My kids won’t eat their greens!
- I can only get my child to eat peas from a tin
- My child will only eat food covered in red sauce
- I’m sick of trying to chase my child around the house with a fork of steamed broccoli
Any of these problems sound familiar?
I remember the days well, when as a child, I would hide behind the green velvet curtains in the lounge thinking my mum would never find me, while she chased me around the house with a spoonful of cold porridge. I was what most would consider a nightmare eater! Still can’t eat hot porridge now though, I think I’m mentally scarred – maybe more from the curtains, than the porridge, who knows!
Many children are what we would call ‘picky eaters’. In fact, I predominantly work with many adults who I would also fit into this label!
Psychologists have a field-day with identifying the many disorders and psychological issues associated with food, and the emotions attached to eating.
As most people would contest however, I am all about trying to find the most ‘simple of solutions’ when it comes to eating.
So, before you check your child in to see the men with the white coats, try adding a few of the below suggestions into meal plans – remember when we look at anything food related, we seek progress not perfection.
Problem: The only vegetable my child will eat are peas from a tin
There is nothing wrong with eating food from a tin. Processed foods have been given a bad rep over the most recent clean eaters patch, but what we know about the preservation of food these days may actually surprise you. Some tinned foods actually have more vitamins and minerals than their fresher counter parts (check out James Wong and his research on tinned tomatoes), and we all should know by now, that many organic foods have proven to have little to no extra nutritional benefit, when compared with their non-organic opponents.
Don’t get hung up on the morality or pressure of having to eat ‘fresh everything’ – peas from a tin have some great nutritional value, frozen peas are also a great source of fibre, vitamin C, folate, vitamin B1, iron and zinc. For a little extra nutritional bang for your buck- try blitzing SuperSlaw and mixing it in with the peas. The finer you chop the veggies the less they will notice what’s in it. If you think they will turn their nose up at this, make them part of the blitzing process, take it from me, all kids enjoy holding that food processor button down -especially when it makes so much noise!
Problem: My child will only eat healthy food covered in sauce
I can relate to this well as I have been known to be a bit of a sauce lover myself! Now I’m not advocating covering all your food in sugar riddled sauce, but let’s keep things in perspective here. If your child is eating veggies in sauce, take some solace firstly that they are eating their veggies in the first place!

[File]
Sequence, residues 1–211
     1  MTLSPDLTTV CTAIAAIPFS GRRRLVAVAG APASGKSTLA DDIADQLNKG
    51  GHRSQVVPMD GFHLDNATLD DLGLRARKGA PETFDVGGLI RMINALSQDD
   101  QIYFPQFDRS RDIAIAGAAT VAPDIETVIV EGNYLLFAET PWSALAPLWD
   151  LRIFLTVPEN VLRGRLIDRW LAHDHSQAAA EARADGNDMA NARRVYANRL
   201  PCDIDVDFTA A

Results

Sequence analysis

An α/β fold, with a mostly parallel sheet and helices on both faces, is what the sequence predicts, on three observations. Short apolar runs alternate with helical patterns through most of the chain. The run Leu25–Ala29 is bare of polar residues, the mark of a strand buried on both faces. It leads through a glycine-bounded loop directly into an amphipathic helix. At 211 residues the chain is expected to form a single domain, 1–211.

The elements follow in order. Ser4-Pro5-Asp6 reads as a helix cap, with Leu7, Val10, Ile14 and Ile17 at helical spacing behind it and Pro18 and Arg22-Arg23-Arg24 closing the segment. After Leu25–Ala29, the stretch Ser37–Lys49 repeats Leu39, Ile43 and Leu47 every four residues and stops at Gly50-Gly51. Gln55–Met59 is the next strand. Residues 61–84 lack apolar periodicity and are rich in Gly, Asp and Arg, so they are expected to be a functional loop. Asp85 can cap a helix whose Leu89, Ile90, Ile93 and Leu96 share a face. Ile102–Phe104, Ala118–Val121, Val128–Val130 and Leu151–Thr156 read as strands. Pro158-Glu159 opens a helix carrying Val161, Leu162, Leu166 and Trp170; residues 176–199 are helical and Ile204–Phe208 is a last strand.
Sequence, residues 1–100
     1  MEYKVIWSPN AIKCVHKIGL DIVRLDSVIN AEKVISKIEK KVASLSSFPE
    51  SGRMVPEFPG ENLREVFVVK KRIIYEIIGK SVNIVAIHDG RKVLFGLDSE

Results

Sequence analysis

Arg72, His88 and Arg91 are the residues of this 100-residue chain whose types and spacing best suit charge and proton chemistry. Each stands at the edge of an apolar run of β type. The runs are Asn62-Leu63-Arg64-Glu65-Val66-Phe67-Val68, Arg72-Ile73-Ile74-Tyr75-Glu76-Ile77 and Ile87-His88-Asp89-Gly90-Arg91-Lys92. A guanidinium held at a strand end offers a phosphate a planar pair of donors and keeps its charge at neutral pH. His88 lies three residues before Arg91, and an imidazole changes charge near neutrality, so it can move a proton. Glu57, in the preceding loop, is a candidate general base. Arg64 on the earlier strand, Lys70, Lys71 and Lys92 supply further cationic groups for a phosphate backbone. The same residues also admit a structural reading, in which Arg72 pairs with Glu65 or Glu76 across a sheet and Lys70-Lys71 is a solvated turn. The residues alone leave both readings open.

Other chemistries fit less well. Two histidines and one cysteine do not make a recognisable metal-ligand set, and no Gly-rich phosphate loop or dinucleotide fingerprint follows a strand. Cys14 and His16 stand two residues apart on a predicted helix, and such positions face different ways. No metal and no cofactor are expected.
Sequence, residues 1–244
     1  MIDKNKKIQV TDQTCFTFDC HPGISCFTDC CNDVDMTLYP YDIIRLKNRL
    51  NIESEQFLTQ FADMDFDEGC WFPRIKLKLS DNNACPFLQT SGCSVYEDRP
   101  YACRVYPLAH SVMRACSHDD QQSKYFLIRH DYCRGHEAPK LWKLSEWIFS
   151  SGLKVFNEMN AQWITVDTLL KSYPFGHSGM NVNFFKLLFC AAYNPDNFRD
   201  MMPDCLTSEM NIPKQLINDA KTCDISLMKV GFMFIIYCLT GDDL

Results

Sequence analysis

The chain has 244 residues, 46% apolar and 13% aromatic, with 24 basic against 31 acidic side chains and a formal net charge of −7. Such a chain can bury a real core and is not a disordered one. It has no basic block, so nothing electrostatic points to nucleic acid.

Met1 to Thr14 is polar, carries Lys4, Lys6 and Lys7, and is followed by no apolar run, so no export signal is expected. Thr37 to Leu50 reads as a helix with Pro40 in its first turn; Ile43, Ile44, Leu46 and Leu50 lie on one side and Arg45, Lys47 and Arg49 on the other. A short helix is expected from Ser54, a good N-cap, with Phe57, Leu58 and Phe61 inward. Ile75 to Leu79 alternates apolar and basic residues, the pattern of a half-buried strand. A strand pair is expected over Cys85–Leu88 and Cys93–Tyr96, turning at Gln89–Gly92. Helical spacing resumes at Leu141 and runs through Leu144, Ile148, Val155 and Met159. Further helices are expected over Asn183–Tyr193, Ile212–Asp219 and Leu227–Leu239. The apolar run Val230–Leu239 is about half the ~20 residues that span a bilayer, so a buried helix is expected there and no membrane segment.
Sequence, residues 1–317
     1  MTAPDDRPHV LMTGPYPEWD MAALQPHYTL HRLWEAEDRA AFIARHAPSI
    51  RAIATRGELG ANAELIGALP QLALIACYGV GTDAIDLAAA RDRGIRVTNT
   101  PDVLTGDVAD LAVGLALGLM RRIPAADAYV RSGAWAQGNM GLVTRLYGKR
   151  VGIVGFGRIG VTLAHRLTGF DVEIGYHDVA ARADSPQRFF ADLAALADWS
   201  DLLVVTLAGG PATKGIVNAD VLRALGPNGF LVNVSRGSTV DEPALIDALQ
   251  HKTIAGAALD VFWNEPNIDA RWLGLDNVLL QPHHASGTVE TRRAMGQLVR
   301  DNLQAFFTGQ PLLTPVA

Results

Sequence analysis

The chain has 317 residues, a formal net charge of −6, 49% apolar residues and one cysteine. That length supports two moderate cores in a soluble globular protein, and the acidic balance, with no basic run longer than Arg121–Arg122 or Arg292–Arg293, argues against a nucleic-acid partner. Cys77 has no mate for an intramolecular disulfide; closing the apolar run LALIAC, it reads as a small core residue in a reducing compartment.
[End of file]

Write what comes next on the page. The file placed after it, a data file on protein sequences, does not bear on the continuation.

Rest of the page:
Look at the labels of sauce and go for the lower sugar options where possible. Don’t be fooled that expensive is always better, sometimes cheaper or more well known brands have more availability for lower sugar or lower salt options. Check to see if sugar is the first ingredient. If it is, you know that most of the contents of the bottle is not probably what you would want your child to have before going to bed! If they are stuck on eating a particular brand, start to slowly dilute this over time without them seeing. This may take a little experimentation but you can mix olive oil, balsamic vinegar, Greek yoghurt, or even half and half with a lower sugar option, into some sauces without altering their taste or texture too much. Pre-mix them into a jar and sneak it over their veggies without them seeing. This is pretty much what I do with SuperSlaw recipes for adults, where mustard, horseradish, apple sauce or cranberry are all mixed into a dressing in smaller amounts. That way you still get the taste but not all the sugar!
Problem: I’m sick of trying to chase my child around the house with a fork of steamed broccoli
Ok so firstly I’m going to say well done for the perseverance and for increasing your step intake each day with the chase! On a serious note though, we need to remember how it feels to be a child again and fundamentally the battle of wills that goes on with adults who try and force something on us.
Take into account that a child has to taste something up to 15 + times before they will decide if they truly like it (this figure seems to alter pending what age the food is introduced) so persistence works, but take it easy before you ram the fork down their throat.
Try adding in veggies in less obvious ways – stuffing veggies into meatballs, blitzing the veggies down with a food processor, or by turning the veggies into more well known and liked meals. My Pizza SuperSlaw is a winner with children. Why? Because it tastes like pizza, little do the kids know that half the pizza flavour is coming from the veggie mass they have been eating, topped with their favourite cheese.
Try and incorporate a rainbow of colours instead of just green. Green veggies rock of course, but some studies even suggest a primal and innate response in earlier years that rejects the colour based on poisonous plants being green, so try and remember that there are a huge range of other foods that contain high levels of nutrients. A varied colour resume of veggies is a really good option, fruit is of course a secondary option, but protein (meat, fish, eggs, sweet potato, anything with natural colour) will also provide key vital nutrients for growth and repair.
For more information on how to make easy and simple nutritional changes by ‘Blitzing your way to five a day’- check out the recipes in my book : https://www.superslaw.co.uk
Fitness Expert & Personal Trainer
Author : Emily Fitzgibbons
Editor at The Glossy Magazine | Journalist & Office Manager at Salutions Limited